In spite of their importance – to our economy , to our workforce, to our culture, and to families – the legal profession has given woefully insufficient attention to the unique planning needs of family owned businesses. For example, in our informal survey, we were unable to identify any law school whose curriculum includes a course devoted to family business. Another informal survey of resources made available to attorneys through bar associations, including publications and continuing legal education, reveals a principal emphasis on estate planning , tax planning , insurance planning, and buy-sell agreements. While we acknowledge the importance of each of these subjects, their primary focus is on money – how to maximize its value for family members by minimizing federal and state taxes – not on people: strategies for helping individuals, teams, and organizations learn to better able to enjoy life, succeed in business, work together effectively – to flourish. The emphasis on “financial planning” without a comparable attention to “people planning” has come at a great cost.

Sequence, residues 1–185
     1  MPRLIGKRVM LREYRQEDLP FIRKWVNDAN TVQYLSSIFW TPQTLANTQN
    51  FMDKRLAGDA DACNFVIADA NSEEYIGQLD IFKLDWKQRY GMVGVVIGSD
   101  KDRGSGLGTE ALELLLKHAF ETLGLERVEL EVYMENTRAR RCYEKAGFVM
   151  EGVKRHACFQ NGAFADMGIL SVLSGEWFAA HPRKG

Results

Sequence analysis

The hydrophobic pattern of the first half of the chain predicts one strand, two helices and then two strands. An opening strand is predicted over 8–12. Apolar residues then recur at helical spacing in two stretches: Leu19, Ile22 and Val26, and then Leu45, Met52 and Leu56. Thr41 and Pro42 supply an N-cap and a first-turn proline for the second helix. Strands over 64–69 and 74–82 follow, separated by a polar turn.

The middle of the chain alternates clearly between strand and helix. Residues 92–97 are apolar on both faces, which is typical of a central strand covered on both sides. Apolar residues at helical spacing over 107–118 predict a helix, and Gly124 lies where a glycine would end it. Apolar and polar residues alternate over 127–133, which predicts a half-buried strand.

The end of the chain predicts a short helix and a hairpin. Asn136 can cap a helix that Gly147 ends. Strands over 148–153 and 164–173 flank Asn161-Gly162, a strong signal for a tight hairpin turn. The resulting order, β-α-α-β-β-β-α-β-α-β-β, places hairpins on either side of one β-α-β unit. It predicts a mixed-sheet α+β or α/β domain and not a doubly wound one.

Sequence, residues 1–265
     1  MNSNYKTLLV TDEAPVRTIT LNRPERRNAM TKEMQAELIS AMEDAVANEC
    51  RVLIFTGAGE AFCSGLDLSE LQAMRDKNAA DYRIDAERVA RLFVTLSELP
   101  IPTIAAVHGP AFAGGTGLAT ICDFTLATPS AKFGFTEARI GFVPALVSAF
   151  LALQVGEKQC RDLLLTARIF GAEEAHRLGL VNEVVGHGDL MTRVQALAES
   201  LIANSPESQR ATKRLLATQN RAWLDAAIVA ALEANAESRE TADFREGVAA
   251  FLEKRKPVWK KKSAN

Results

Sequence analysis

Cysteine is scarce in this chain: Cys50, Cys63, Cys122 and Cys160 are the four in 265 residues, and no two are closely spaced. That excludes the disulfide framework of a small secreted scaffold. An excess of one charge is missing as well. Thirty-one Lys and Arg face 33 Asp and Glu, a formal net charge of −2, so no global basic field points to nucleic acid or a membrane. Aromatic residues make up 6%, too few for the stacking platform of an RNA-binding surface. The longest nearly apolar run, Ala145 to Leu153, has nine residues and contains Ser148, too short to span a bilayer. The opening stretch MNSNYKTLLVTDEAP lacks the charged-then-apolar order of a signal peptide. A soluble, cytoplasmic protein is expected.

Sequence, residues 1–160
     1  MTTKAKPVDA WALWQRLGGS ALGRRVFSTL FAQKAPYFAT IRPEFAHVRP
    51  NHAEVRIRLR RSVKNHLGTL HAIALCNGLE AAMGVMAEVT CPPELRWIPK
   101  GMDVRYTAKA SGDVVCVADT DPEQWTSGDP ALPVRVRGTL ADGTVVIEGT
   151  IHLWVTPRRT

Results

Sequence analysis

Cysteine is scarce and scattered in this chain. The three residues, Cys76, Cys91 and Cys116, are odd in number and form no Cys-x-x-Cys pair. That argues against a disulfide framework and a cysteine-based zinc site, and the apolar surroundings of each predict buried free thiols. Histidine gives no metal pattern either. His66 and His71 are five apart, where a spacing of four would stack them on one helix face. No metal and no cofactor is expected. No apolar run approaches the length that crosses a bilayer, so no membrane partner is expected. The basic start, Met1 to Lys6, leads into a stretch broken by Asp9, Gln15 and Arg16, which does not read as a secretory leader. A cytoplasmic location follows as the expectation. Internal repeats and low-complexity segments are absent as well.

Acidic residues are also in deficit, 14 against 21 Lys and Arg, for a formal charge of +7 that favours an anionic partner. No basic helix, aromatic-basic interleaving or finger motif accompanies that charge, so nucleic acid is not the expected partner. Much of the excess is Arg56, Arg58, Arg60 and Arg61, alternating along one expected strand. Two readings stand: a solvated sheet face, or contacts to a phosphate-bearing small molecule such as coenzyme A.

While these costs are impossible to measure accurately due to the private and confidential nature of many family business affairs, authorities continue to cite statistics suggesting that approximately 70% of family businesses fail to successfully complete a transition to the second generation, and a staggering 90% of family businesses fail to complete a transition to ownership by the third generation. The commonality of family business struggles is often expressed through the well-known proverb, “shirtsleeves to shirtsleeves in three generations,” – a proverb that seems to have a counterpart in every country with family businesses. While the accounts of what compromises these statistics will only be known to the family members and their professional advisors who serve under obligations of confidentiality, there are nevertheless seemingly endless published accounts of prominent families, including Gucci, Guinness, and Gallo, whose infighting has become known through the public litigation process.
Beyond what these inherently imprecise statistics and anecdotal published reports reveal is the tragic human toll taken as a result of family business dysfunction: parents, children and siblings who no longer talk to each other, sometimes as a result of intra-family litigation. Indeed, we suspect that any attorney who works with family businesses on a regular basis has his or her own personal experience involving family business dysfunction and crisis.